In this technological age, standing for Christ among modern cultural trends is growing more difficult, especially with a secular worldview rapidly spreading through television and computer screens that consume more and more of our attention. John Stonestreet and Brett Kunkle’s new book, A Practical Guide to Culture: Helping the Next Generation Navigate Today’s World, provides tools to help parents and young Christians navigate the new cultural wave.
Fighting to encourage Christian parents and their children, Stonestreet and Kunkle assess current culture and offer a guide to young Christ followers as they forge their own path in the secular world. A guide is crucial because, as Stonestreet and Kunkle write, “The kids of today will build the culture of tomorrow.” The ideals presented in Practical Guide to Culture provide pathways towards a Godly culture, helping to lead children as they build the culture of their time, keeping their Christ-centered mindsets and teachings. Working to bring their skillsets together, Stonestreet and Kunkle tackle culture’s commonly unseen undercurrents, extremely powerful forms of pressure exuded by secular philosophy threatening young adults’ faith and Christian lifestyle.
Practical Guide to Culture addresses how young Christians can tackle the cultural challenges they face head on. These challenges – as highlighted by Stonestreet and Kunkle – include pornography, hookup culture, sexual orientation, gender identity, affluence and consumerism, addiction, entertainment, and racial tension.
Stonestreet is widely regarded for his authority on education and culture from a Christian worldview, serving as President of the Colson Center for Christian Worldview, as well as being a syndicated author. Kunkle’s experience with children ranging from adolescence to college directly serves him in his role as Student Impact Director at Stand to Reason. Both men are also Christ-driven husbands and fathers.
They begin Practical Guide to Culture by specifying that culture is not instinctual or simply human nature. Rather, culture is what individuals do freely of their own accord. All of culture in and of itself is not bad, but culture is made from both the good and bad in society.
“Culture includes the good, the bad, the morally neutral, and the morally complex,” Stonestreet and Kunkle claim. They stress the importance of being intentional about shaping culture, emphasizing the Bible’s foundational role in dictating the Christian worldview. In doing so, Christians will see culture as the outlet to live a God-centered life that imagines how to serve Him and spread His message.
The Millennial generation, which dictates the modern culture, is faced with an unprecedented dilemma of being committed Christ followers in this increasingly technological age. Stonestreet and Kunkle stress the importance of teaching Millennials to cultivate a culture of Christian understanding, one in which individuals likely have questions about God and their faith, and the importance of making it clear that it’s not wrong to question faith once in a while.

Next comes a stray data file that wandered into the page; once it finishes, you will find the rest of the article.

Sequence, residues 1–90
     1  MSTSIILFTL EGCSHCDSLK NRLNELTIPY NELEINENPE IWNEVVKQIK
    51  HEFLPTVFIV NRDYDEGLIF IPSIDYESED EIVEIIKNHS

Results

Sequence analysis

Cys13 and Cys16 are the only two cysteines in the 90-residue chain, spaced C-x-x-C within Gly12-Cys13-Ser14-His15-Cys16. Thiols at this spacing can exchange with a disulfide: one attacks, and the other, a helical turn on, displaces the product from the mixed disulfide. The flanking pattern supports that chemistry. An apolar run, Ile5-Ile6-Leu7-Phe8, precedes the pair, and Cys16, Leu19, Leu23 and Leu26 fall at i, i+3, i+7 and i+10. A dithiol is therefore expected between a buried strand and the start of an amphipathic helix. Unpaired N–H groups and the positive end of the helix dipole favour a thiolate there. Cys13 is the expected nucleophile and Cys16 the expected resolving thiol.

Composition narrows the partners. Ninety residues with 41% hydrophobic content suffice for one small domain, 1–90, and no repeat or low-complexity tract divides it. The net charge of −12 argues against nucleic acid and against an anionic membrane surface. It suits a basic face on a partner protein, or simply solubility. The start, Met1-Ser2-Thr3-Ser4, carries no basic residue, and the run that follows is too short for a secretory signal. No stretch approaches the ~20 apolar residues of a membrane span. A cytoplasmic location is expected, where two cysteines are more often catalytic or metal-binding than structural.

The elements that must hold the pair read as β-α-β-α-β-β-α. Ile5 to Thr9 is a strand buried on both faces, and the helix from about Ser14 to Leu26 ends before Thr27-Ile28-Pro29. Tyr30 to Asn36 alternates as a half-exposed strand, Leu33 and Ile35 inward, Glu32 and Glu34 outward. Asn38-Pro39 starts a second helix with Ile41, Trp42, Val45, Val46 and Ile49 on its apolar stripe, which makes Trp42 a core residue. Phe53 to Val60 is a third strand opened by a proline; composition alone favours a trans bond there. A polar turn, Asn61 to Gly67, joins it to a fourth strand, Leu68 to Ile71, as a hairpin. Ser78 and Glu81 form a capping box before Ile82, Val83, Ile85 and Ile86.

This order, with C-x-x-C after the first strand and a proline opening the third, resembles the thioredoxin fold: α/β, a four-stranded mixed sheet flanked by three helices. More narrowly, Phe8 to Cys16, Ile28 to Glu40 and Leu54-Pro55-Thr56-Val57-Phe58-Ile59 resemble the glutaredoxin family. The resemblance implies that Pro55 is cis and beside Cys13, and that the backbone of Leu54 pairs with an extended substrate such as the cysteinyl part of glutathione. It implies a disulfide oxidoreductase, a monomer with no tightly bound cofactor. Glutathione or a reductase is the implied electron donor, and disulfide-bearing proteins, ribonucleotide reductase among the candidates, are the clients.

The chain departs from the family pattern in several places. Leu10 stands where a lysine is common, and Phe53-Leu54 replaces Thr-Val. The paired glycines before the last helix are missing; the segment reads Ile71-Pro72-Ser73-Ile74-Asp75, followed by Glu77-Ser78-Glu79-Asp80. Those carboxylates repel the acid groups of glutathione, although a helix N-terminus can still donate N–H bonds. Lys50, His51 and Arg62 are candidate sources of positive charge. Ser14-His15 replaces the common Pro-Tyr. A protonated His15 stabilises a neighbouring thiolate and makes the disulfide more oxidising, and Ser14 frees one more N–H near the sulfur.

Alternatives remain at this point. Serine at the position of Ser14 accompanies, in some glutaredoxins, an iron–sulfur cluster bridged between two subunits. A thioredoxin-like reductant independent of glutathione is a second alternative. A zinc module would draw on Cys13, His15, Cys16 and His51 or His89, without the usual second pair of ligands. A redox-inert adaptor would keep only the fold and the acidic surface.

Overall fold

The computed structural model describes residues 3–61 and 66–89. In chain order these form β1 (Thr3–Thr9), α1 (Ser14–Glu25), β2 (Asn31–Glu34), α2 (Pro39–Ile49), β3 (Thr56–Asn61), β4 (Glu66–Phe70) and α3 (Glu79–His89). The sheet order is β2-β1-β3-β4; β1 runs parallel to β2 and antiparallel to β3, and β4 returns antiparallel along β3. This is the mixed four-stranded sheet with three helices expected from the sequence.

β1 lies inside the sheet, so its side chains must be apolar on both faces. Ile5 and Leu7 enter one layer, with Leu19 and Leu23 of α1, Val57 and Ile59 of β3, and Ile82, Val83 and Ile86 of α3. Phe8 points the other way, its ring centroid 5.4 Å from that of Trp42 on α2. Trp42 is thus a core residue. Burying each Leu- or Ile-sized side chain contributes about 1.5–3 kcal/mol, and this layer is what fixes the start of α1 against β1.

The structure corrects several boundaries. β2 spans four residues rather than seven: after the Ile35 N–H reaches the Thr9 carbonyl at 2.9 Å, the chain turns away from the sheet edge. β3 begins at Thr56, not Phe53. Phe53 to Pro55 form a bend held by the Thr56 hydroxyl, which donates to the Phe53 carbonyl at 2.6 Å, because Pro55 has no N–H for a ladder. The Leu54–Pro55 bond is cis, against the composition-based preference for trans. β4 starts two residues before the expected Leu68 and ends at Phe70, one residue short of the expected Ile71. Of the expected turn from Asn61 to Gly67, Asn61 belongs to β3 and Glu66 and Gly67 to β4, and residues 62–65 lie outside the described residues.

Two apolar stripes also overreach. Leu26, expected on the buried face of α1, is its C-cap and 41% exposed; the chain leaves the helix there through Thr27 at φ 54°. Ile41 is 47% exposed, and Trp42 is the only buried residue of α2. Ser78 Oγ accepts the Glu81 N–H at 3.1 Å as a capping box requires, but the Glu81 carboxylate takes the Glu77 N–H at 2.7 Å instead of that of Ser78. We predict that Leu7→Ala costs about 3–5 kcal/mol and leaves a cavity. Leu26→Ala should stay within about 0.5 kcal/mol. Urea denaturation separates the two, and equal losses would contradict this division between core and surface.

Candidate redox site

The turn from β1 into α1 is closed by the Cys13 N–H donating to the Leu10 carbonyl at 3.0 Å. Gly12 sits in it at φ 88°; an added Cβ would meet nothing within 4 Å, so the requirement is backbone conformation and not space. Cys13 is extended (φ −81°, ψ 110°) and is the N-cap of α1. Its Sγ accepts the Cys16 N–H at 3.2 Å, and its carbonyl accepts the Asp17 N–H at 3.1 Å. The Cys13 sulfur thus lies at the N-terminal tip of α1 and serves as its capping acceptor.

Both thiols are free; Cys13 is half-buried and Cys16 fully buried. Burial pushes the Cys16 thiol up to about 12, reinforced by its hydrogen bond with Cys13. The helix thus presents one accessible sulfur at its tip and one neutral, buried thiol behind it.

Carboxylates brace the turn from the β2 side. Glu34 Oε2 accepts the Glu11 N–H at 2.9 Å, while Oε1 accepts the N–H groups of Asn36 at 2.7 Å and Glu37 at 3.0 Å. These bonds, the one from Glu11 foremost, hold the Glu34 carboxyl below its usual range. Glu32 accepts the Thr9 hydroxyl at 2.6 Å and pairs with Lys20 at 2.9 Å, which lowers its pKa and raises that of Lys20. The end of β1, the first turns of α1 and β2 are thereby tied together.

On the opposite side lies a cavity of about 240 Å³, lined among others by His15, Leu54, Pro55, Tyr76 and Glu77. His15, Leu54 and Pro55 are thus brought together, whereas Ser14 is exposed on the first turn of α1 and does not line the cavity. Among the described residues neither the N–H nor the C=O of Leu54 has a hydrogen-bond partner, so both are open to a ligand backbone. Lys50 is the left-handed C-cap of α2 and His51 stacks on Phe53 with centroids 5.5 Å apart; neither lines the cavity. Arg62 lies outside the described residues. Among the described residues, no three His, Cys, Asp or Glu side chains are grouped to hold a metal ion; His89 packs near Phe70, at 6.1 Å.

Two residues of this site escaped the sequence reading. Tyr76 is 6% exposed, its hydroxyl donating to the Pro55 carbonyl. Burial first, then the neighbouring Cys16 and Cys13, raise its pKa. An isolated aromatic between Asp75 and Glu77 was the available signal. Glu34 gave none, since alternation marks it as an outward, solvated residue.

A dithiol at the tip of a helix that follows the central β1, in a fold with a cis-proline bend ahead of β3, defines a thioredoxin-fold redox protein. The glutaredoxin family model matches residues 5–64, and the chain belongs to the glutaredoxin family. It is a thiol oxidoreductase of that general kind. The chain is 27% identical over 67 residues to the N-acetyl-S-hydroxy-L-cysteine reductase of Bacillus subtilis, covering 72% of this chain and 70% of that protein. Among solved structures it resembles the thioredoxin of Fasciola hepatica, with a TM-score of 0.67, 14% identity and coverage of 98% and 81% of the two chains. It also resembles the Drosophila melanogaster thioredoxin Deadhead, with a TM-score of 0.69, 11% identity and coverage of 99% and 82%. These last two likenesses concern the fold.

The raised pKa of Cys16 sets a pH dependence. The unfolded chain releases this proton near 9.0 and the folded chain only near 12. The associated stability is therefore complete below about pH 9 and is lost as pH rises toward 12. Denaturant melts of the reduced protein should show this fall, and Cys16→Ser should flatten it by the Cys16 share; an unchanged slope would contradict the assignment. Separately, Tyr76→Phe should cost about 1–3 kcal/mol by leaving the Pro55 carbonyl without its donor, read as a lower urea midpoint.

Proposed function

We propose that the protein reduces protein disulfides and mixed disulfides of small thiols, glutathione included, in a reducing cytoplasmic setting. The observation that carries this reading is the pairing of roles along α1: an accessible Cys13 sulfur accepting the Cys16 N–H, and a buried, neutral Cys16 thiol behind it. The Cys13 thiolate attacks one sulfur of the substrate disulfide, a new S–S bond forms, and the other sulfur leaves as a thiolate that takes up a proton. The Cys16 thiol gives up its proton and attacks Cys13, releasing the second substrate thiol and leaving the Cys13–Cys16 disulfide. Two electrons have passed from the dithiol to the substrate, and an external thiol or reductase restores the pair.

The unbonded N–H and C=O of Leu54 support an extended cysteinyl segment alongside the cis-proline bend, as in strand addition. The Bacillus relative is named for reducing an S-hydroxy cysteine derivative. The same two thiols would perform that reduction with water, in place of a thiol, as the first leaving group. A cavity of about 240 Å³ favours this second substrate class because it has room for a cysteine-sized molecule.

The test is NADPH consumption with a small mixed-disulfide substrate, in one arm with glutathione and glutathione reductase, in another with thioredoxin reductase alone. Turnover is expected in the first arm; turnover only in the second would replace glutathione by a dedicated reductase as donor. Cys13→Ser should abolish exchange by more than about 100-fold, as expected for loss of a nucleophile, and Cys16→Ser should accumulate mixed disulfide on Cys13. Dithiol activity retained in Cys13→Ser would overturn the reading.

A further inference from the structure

As Practical Guide to Culture acknowledges, the sections of the book addressing pornography, hookup culture, sexual orientation, gender identity, affluence and consumerism, addiction, entertainment, and racial tension could stand on their own without the first two parts of the book. This is why the most powerful parts of the book were the chapters focusing on these practical topics and their relation to Christianity. While offering their interpretations of scripture and suggesting appropriate actions based on God’s word, Stonestreet and Kunkle address anticipated counterarguments. These counterarguments are expressed under headings such as, “Don’t buy the Cultural Lies,” followed by, “Lie #1: Porn is a personal matter, and it’s really no one’s business what people do in their private lives,” along with other rebuttals. Practical Guide to Culture embarks on a thorough explanation on each of these “lies” and provides sound reasoning why those who refute their claims are incorrect, using the Bible and a Christian worldview as evidence.
Raising the next generation with the ability to shape culture into one with a strong biblical foundation will give young Christians the tools necessary to shape their lives, rather than by being shaped by culture.
Those foundations Stonestreet and Kunkle lay dictate how Christians can perceive and shape culture: they can celebrate, create, confront, co-opt, or correct cultural trends and habits. These five foundational options are meant to be effective tools to shape a Christ-influenced culture.
Stonestreet and Kunkle take some hardline stances on issues that don’t have an explicit Biblical mandate. One such example is the supposed necessity of making bedrooms a device-free zone. Practical Guide to Culture defends this by claiming, “It’s madness to allow children unfettered, unfiltered access to the internet in the privacy of their bedrooms. Internet pornography is waiting for them there. Period.” No matter how pure the intentions of protecting children from the dangers of pornography, this recommendation seems to indicate a lack of trust between parents and their children. Without confuting Practical Guide to Culture, Evangelical Christian parents can read this book as a series of suggestions, some of which may be beneficial and some of which might not. Stonestreet and Kunkle concede this point to a degree, and rightly so.
A Practical Guide to Culture is best suited for parents who are looking for just that: a practical guide on how to internalize a Christian worldview to culture.